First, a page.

by Nick Hanover
Though they are one of the quintessential California bands of the ’80s, The Go-Go’s may never have reached the heights they did if it hadn’t been for Austin’s own Kathy Valentine. The guitarist-turned-bassist was already a street toughened veteran by the time she joined up with the band in LA, with stints in The Violators and The Textones (as well as a brief dalliance with British hard rock pioneers Girlschool) under her studded belt. And while the Go-Go’s were already building a following with their innovative pop punk, Valentine’s joining would give them an edge and also bring additional songwriting chops into the fold, with Valentine’s “Vacation” ending up one of their most iconic hits. But as Valentine’s raw and engrossing new memoir All I Ever Wanted shows, it was a brutal and heartbreaking journey to that moment and the fall back down was painful for all involved.
Born to an Air Force dad and a British expatriate mum, life didn’t really take off for Valentine or her mother until the family arrived in Austin, where her father enrolled at UT in economics. Valentine’s parents would eventually divorce and Valentine would stay with her mom, who had enrolled at UT herself after the end of the marriage, in psychology. The first third of Valentine’s memoir is focused on this time and the transformation of her relationship with her mom from one somewhat resembling a traditional dynamic to something closer to sisters or friends, as Valentine’s mom becomes more enamored with the counterculture, leading to their home becoming a party hangout for wayward youth, bikers and outlaws.
It’s from this group of people that Valentine first begins to experiment with drugs and booze as well as music, with a roaming criminal boyfriend of her mom’s giving her her first exposure to guitar. Valentine provides a vivid portrait of Austin in its ’70s heyday, from the hedonistic revolutionary culture at and around UT to the rock and punk scenes at Armadillo World Headquarters and Raoul’s respectively. But Valentine is no romanticist, she’s frank about the dangers of the era and of the hands off approach to parenting her mom had– ODs, sexual assault and abortion all loom heavily over that period and what follows.
Centering it all, though, is Valentine’s infectious belief in the power of rock ‘n’ roll and the deeper Valentine gets in her own attempts to succeed at music, the more the music industry becomes her real family. In Austin, Valentine makes some key connections with soon-to-be-legends, who provide her mentorship and support, including The Fabulous Thunderbirds’ Jimmie Vaughan. Valentine writes “The support had no patronizing elements, no ‘aren’t they cute’ mentality,” adding that these musicians, who Valentine frequently points out were often men, “were rooting for us and wanted us to do well.”
When Valentine and her Textones bandmate Carla Olson eventually leave for LA, that type of community support is something they long for but often struggle to find. As Valentine tells it, it’s by pure chance that she ends up in The Go-Go’s. After leaving her mom alone in bed with a book on Christmas night, Valentine went out to see X at the Whisky a Go Go and ran into Charlotte Caffey in the bathroom, who asked if she could fill in on bass for a handful of residency dates while their bassist was sick. Valentine said yes and soon enough found herself promoted to full time replacement.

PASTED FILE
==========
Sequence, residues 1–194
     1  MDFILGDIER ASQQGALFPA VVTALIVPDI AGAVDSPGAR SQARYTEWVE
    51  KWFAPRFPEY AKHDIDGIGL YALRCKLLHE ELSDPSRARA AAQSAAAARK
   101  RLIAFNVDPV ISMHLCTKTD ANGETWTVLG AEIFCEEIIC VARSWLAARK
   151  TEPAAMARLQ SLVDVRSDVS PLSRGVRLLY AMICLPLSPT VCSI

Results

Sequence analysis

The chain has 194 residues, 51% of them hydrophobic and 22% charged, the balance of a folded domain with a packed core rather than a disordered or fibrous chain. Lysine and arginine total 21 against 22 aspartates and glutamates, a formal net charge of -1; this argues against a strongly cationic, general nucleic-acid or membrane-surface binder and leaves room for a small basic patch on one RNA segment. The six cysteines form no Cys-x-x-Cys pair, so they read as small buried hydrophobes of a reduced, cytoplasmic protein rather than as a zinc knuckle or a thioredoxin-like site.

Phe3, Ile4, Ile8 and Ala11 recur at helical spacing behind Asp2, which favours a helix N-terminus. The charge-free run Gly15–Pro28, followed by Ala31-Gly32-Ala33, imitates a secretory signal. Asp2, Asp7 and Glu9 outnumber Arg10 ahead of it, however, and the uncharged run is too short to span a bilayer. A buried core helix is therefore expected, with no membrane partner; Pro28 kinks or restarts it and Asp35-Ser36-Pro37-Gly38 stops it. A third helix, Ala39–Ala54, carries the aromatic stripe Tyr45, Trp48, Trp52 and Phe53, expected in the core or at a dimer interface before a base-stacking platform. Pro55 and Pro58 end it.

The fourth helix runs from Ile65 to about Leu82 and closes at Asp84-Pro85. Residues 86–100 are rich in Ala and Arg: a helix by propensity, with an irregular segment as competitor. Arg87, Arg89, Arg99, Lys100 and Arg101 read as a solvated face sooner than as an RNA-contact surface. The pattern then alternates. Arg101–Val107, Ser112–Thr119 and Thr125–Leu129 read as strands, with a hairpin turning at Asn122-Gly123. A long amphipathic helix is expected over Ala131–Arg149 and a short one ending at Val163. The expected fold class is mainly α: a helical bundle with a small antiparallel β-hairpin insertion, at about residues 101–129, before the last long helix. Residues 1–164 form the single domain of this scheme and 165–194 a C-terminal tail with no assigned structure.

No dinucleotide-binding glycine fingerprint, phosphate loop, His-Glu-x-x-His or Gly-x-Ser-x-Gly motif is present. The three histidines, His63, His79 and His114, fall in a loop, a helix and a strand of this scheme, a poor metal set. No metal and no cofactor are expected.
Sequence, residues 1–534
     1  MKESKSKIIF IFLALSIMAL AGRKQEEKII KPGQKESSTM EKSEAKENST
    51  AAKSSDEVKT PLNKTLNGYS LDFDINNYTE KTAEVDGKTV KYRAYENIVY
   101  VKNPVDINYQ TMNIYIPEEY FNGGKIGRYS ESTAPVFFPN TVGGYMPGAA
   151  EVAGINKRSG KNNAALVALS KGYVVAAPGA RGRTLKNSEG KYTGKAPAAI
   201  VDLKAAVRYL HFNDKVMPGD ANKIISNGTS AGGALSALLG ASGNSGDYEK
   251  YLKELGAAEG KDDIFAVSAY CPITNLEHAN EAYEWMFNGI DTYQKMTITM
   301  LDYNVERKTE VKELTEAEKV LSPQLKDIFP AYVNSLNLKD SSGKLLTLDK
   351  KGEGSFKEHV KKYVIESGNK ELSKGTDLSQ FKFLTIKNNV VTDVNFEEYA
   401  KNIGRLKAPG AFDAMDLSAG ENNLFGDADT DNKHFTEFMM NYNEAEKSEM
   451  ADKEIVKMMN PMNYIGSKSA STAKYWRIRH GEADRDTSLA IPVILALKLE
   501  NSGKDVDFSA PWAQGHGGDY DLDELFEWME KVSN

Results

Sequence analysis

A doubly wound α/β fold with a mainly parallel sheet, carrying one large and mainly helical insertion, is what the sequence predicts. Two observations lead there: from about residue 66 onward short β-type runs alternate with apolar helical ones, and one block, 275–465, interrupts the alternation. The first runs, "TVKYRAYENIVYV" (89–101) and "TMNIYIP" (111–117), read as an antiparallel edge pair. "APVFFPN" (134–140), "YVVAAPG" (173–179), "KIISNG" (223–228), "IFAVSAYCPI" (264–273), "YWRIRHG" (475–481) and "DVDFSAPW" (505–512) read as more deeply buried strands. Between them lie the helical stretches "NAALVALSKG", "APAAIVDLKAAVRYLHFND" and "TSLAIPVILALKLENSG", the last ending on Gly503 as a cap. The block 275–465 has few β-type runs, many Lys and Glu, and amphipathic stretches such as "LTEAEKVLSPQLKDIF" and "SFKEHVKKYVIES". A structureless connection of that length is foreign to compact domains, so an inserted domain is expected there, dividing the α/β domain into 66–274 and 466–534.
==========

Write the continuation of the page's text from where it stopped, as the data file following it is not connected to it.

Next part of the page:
The core of the book is focused on this time, as the Go-Go’s star begins to rise and rise, bringing with it fame, money and an inevitable crash. Like Patti Smith in Just Kids, Valentine seemed to recognize even then that she was hurtling towards destiny, bound to make history, come hell or high water. In the Go-Go’s, Valentine had finally found peers who could match her musically and ambitiously, and shared a restless spirit. That connection and camaraderie would eventually enable them to conquer the musical world, despite the endless rejections from major label figures who swore an all woman rock band simply couldn’t be a chart success. But as Valentine would learn, that connection still wasn’t strong enough to keep them together through her and Caffey’s growing problems with addiction.
That connection would also bring more awareness for Valentine of the major issues in her relationship with her mother, who had definitively become the dependent in their dynamic, as well as in her romantic relationships, namely Blondie’s Clem Burke, who urged her to get sober while they lived together, to no avail. As engaging as All I Ever Wanted is as a rock ‘n’ roll rags-to-riches-to-rags-again story, its real power is in Valentine’s honest and humble exploration of her struggles with addiction, particularly her initial refusal to admit she even had a problem and the long, slow steps towards recovery once she did.
Far from judgmental or cloying, All I Ever Wanted is a candid and self-aware memoir that provides a street view of a remarkable time in both Austin and LA’s musical histories as well as a thoughtful perspective on the pressures, successes and failures of the music business and what it means to be a bold and hungry young woman within it.
All I Ever Wanted comes out March 31st via UT Press, order it here
Nick Hanover got his degree from Disneyland, but he’s the last of the secret agents and he’s your man. Which is to say you can find his particular style of espionage here at Ovrld as well as Loser City, where he mostly writes about comics. You can also flip through his archives at Comics Bulletin, which he is formerly the Co-Managing Editor of, and Spectrum Culture, where he contributed literally hundreds of pieces for a few years. Or if you feel particularly adventurous, you can always witness his odd .gif battles with his friends and enemies on twitter: @Nick_Hanover